Closing the coding gap, one camp at a time

March 9, 2022

Meet Mihir Amin

Mihir Amin (he/him) pays forward mentorship he got early on to help kids get into programming. His own love for programming began at a young age, thanks to a high school computer science class led by a teacher who fostered his passion for code.


“He showed me how fun programming can be. It is what sparked my passion about building things,” says Amin.

Amin’s teacher simplified the fundamentals of code by making them interactive. 

“[To learn] some of the data structures, he would put us physically inside the structures,” says Amin. “[To learn] about queues, stacks, arrays and the operations you can do on them, he set up a line of chairs and had us act like the items in those structures. For logical thinking, we played a robotic game where you had to move up, down, left and right.” 

With an encouraging teacher in his corner, Amin’s excitement led him to pursue a programming career in healthcare. He is now an engineering team captain on Olive’s Software Engineering team and Shiftwork Experience. 

Amin is determined to pay it forward and inspire the next generation of engineers through his work with HERO Code Camp — an event for girls in grades 3-12 designed to give beginner students an introduction to STEM and more advanced students the opportunity to grow their skills. 

“I want to help show these kids that they can build anything and hope to get them interested in programming,” says Amin.

Closing the coding gap

Though tech maintains a healthy annual growth rate, the industry still struggles with representation and diversity. STEM fields in the United States are predominantly male, with women only making up 28% of the field’s workforce.

The AAUW reports that girls are often discouraged from a young age from learning about and joining STEM-related fields because they are categorized as masculine. With a lack of female role models and little exposure to STEM in school for girls, the gender disparity in the field endures.

Enter HER Academy, an organization striving to educate young girls in technology and computer science to close the gender gap in STEM. One of HER Academy’s most popular educational resources is HERO Code Camp, a collaboration powered by Olivian volunteers like Amin who are determined to share their love of programming with the next generation.

This group of volunteers works hard to make HERO Code Camp a reality each year. Amin is one of seven Olivians on the committee organizing Code Camp, driving the planning meetings to help set the event up for success.

There were six courses offered at this year’s camp — one taught by the HER Academy team and five taught by Olive volunteers.

Olive and HER Academy joined forces through mutual board member Chris Olsen of Drive Capital. Chris connected HER Academy’s Dr. Lena Furci with Olive’s Joel Chakra for a 2019 all-staff presentation. Following that presentation, a group of interested employees toured the HER Academy facility in Columbus and put on the first in-person code camp just a few months later.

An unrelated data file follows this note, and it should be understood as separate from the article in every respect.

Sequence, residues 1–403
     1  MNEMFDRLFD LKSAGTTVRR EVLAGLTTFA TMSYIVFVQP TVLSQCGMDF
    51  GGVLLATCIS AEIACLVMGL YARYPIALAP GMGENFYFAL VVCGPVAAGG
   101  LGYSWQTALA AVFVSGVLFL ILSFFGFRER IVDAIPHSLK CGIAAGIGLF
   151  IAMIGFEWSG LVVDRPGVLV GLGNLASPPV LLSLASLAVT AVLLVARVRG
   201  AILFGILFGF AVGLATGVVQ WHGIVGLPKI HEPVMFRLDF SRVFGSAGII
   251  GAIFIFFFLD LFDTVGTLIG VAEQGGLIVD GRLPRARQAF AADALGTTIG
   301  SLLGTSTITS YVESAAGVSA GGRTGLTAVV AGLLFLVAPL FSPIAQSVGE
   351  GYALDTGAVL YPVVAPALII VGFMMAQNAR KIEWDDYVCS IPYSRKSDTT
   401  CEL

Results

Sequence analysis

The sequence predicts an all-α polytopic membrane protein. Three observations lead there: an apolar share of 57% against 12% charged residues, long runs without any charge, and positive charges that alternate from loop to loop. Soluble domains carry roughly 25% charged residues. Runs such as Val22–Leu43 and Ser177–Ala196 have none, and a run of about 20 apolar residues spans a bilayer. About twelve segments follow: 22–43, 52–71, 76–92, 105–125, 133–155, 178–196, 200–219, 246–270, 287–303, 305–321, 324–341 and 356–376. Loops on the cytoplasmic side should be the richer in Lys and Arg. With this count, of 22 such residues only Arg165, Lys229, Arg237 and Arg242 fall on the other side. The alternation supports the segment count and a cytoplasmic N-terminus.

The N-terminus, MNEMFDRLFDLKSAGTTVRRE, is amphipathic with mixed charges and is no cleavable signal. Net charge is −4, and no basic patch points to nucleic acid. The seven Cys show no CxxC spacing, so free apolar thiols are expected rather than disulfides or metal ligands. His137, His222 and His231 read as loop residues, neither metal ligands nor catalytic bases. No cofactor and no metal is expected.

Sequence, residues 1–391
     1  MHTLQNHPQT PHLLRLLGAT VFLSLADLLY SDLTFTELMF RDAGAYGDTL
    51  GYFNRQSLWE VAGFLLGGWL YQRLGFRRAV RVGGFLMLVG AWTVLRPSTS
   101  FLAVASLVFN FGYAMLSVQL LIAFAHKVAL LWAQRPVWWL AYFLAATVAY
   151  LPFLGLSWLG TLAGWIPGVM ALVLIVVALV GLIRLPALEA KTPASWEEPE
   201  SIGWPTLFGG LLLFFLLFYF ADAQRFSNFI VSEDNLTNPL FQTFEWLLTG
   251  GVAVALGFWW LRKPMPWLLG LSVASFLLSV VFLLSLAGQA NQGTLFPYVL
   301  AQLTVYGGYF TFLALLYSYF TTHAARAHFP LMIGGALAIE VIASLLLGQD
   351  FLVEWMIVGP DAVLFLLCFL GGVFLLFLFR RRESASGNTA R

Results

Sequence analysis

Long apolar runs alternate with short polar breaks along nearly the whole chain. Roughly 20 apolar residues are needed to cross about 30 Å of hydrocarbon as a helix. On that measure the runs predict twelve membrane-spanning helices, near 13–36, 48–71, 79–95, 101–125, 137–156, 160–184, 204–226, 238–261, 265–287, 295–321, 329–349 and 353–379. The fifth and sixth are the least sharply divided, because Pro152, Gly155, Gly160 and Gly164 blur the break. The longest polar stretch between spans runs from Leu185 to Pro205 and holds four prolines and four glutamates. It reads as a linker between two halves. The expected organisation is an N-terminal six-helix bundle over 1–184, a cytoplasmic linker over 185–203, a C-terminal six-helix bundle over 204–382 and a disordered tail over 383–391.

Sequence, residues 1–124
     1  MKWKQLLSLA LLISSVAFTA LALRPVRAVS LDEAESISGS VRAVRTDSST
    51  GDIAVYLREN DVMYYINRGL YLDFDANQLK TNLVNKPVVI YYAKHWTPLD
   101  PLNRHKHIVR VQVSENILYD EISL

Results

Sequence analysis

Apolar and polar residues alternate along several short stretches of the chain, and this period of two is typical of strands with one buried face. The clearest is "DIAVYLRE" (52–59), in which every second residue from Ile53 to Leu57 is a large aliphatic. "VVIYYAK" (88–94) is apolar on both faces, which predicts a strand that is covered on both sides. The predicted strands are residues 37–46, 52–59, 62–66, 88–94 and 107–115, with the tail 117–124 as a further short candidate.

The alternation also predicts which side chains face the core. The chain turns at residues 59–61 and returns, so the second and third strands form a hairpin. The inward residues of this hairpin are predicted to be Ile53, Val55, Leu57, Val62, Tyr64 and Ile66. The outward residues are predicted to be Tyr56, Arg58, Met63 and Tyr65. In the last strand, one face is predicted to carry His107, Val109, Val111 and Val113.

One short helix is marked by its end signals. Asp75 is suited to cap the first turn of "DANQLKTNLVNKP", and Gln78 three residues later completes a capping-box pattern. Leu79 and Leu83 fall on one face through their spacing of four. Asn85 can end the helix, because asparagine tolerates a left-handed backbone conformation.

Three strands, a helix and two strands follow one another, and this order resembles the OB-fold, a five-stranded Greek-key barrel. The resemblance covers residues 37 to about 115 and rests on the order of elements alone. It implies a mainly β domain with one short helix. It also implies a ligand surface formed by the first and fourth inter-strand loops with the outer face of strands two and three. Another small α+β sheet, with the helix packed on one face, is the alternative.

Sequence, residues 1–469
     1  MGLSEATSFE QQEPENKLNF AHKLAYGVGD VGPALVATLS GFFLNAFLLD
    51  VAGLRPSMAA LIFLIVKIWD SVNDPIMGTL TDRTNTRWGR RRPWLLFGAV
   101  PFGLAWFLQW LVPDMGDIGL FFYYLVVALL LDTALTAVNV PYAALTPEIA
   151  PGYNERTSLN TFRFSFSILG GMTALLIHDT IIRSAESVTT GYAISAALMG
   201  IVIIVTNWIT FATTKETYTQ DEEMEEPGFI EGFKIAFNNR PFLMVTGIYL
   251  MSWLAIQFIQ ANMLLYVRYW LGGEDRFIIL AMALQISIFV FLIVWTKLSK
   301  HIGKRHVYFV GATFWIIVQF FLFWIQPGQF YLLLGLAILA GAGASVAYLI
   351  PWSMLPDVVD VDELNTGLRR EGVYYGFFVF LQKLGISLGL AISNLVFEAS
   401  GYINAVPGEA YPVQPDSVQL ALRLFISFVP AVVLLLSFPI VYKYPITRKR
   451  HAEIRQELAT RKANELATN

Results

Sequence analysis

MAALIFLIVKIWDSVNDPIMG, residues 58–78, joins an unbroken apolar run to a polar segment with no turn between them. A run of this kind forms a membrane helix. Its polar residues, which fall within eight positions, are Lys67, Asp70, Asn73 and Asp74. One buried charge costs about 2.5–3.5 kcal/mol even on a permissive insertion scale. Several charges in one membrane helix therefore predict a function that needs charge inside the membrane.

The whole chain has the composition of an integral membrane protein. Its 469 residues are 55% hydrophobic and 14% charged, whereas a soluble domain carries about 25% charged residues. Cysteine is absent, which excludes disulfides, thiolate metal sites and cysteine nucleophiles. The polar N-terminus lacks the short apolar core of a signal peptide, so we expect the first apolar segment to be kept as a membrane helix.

The program’s core tenet is to get more girls interested in coding, and it provides courses for all experience levels. The only thing expected of students during their time with Code Camp is that they build something.

HERO Code Camp’s courses are geared toward different experience levels based on the student’s current understanding of coding principles. (For more information on how to choose a course, check out the prerequisites for each level.)

Success in Code Camp does not depend upon whether a student’s program runs or who can build the fastest or learn the most programming languages. HERO Code Camp simply wants to get more girls interested in coding.

“If students leave the camp excited about what they have built and eager to learn more, it will be a successful camp for us,” says Amin.

Success in all grade levels

HERO Code Camp is learning and changing right alongside its students. Last year’s camp was technically aimed at students in grades 5-12, but a second grade student was able to join one of the beginner courses. 

“This student did a great job!” says Amin. “She was able to follow along with everything the other students were doing and was engaged in the class. Because of how well this student did, this year we opened that specific course to third and fourth graders as well.”

What’s next for HERO Code Camp?

This year, Code Camp’s attendance soared with a record 150 students logging on from 18 states. In the coming years, Code Camp leaders hope to continue the program’s growth.

“I think [we] would like the program to continue to increase in students registered, but also have some corporate sponsors,” says Amin.

HERO Code Camp is always looking for support. To simplify things, volunteers are restricted to internal staff at Olive and HER Academy. For those looking to get involved in other ways, spreading the word is crucial. HERO Code Camp is an annual event, so keep a lookout for more information about next year’s Camp in 2023 — girls in grades 3-12 can register.

Code Camp is also always looking for corporate sponsors. Interested parties can reach out directly to Amin at